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      Part I: Operation Rebuild Surviving Fritch

      While some families begin to rebuild what the Fritch fire burned away, some struggle to move forward just two months after the devastation broke.

      Families in Fritch agree they received immediate assistance after the fire burned through hundreds of homes, but now, they say they need more help than ever.

      "We still need massive amounts of help," Fritch survivor Chris Ellison said. "There are still people who didn't have insurance who lost thousands and thousands of dollars that they won't be able to get back because they're now living paycheck to paycheck."

      An estimated 61 families have been identified as having no insurance on their homes, or not having enough insurance coverage in order to receive financial assistance to rebuild. That has left them with very few options including living out of campers, in-and-out of hotels and separated from immediate family. But for these families, when they stand in front the home they once had, they start to think of things they'll never be able to replace.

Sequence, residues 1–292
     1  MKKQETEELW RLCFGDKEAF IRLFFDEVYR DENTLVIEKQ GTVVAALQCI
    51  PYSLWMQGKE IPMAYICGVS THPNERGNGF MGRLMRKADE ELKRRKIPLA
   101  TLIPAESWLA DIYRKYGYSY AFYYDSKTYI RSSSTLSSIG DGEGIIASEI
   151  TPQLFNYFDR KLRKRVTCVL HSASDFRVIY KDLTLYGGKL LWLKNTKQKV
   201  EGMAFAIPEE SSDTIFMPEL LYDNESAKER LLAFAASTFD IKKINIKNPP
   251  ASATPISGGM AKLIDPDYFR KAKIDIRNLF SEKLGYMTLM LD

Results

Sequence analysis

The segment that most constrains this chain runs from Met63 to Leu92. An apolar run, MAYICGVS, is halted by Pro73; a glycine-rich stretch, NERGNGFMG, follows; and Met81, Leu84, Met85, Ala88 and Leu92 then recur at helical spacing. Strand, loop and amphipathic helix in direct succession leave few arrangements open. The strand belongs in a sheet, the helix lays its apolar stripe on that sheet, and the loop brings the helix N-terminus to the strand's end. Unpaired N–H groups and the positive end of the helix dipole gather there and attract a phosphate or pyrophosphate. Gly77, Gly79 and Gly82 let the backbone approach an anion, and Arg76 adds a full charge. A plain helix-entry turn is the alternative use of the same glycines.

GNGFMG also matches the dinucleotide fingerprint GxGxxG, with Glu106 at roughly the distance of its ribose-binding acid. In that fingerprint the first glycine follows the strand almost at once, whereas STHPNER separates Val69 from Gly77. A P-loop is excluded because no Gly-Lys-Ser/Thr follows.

"My mother's cedar chest," Fritch survivor Lorna Wade said. "We just had a lot of...15 years of us together."

      Ellison said he lost a BMW bike that had toured all 50 states, plus a home that had been passed down from generation to generation. Most of the survivors without insurance range from single-family homes to individuals living with a disability, but a majority are elderly couples. Every family unwilling to relocate, calling Fritch their home, although many are living in campers.

      "We have our friends and family here, this is out home and you don't leave your home," 78-year-old Don Blythe said.

      So for dozens of individuals leaving Fritch is not an option, even if it means camping out for months.

      "No way, I'll never leave" Ellison said. "I have too many memories of being a kid here, of all my older uncles here at this home."